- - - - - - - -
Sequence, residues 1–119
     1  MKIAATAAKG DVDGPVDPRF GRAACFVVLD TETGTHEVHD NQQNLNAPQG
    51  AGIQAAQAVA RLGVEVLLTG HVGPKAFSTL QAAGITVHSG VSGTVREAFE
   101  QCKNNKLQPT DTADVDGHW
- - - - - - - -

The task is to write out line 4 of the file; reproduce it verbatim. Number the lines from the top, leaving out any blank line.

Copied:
   101  QCKNNKLQPT DTADVDGHW